Two Light Controlled Relays


The first circuit energizes the relay when the light rises above the preset level. The second circuit energizes the relay when the light falls below the preset level. The two circuits are practically identical. The only difference between them is the polarity of the transistor. The value of the LDR is not critical. The important thing is the voltage on pins 5 & 6. Any value LDR should work satisfactorily. But you may need to change the value of R1 - to achieve the desired range of adjustment.

Circuit No.1

Veroboard Layout

Do not use the "on-board" relay to switch mains voltage. The board's layout does not offer sufficient isolation between the relay contacts and the low-voltage components. If you want to switch mains voltage - mount a suitably rated relay somewhere safe - Away From The Board.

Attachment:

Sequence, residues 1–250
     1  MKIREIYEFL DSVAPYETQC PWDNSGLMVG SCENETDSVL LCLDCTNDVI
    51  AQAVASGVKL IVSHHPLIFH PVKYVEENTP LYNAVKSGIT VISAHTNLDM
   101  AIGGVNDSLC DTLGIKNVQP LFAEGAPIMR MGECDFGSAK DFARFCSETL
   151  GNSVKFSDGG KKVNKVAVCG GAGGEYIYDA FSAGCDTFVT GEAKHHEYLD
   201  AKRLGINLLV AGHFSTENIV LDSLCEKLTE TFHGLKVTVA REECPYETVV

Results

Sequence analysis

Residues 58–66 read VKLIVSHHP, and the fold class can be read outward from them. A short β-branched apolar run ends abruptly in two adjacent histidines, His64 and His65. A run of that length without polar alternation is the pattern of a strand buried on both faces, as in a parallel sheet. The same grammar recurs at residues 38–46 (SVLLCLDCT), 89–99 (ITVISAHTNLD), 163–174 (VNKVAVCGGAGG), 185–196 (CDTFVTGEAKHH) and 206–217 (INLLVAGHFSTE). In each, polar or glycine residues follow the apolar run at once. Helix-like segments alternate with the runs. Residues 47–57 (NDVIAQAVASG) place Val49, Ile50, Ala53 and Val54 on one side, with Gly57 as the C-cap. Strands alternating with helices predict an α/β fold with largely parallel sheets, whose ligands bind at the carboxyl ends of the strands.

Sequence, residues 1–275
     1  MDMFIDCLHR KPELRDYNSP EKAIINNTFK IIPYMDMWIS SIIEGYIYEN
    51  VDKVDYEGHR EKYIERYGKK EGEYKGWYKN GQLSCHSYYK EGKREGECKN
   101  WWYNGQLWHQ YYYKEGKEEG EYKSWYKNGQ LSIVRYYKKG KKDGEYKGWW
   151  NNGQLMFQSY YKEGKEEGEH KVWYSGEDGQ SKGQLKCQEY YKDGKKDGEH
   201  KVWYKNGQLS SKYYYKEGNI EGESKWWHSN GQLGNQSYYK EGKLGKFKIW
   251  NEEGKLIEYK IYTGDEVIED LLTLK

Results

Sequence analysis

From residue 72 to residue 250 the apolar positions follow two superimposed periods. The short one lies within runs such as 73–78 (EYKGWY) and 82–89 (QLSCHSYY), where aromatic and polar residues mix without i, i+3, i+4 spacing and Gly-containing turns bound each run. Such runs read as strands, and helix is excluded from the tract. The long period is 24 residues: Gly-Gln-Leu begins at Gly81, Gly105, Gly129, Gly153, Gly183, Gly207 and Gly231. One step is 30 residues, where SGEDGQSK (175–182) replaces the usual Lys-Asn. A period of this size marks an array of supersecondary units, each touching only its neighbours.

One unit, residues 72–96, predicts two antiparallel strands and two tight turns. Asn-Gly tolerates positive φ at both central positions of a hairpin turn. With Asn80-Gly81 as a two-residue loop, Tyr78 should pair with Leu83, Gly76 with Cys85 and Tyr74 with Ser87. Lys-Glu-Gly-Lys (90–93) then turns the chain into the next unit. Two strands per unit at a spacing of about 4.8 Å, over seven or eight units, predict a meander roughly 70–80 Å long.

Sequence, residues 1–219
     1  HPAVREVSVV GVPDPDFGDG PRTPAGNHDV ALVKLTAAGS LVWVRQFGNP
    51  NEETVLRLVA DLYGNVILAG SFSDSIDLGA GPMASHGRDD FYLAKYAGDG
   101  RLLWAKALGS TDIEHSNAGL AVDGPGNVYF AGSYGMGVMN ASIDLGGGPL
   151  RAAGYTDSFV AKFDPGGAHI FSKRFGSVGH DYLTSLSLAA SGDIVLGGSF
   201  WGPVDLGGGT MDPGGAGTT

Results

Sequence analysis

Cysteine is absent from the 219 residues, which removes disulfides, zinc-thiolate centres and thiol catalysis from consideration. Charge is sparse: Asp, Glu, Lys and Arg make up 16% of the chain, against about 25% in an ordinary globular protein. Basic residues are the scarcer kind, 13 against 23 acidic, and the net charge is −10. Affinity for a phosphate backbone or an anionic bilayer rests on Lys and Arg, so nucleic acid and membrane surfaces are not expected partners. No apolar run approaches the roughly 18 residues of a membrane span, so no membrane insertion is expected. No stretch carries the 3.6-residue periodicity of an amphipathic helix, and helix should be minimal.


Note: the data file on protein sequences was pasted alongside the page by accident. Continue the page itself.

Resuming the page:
Circuit No.2

Veroboard Layout

Which Circuit Should I Use?

In order to minimize power consumption - choose the circuit that will have its relay energized for the shorter time period. If it's going to be dark most of the time - choose the circuit that energizes the relay when it gets bright (Circuit No.1). If it's going to be bright most of the time - choose the circuit that energizes the relay when it gets dark (Circuit No.2).

Circuit Notes:

The circuits are designed for a 12-volt power supply. However - they will both work at anything from 5 to 15-volts. All you need do is select a relay with a coil voltage that suits your supply. And make sure that the coil doesn't draw more than about 50mA - otherwise the transistor might be overloaded. I've used a single-pole relay in the diagrams - but you can use a multi-pole relay if it suits your application.

Although all three Cmos ICs will work - the 4093 is the best choice. Light levels change slowly - and the outputs of the 4001 & 4011 can take a few seconds to change state. During this time - the relay may rattle or buzz. The 4093 switches its outputs very quickly - and this will reduce or eliminate the noise.

The Support Material for these circuits includes detailed circuit descriptions - parts lists - guides to construction - photos of the prototypes and more.

Return to Switching Circuits

Content sourced from Zen Schematics

Circuit: Ron J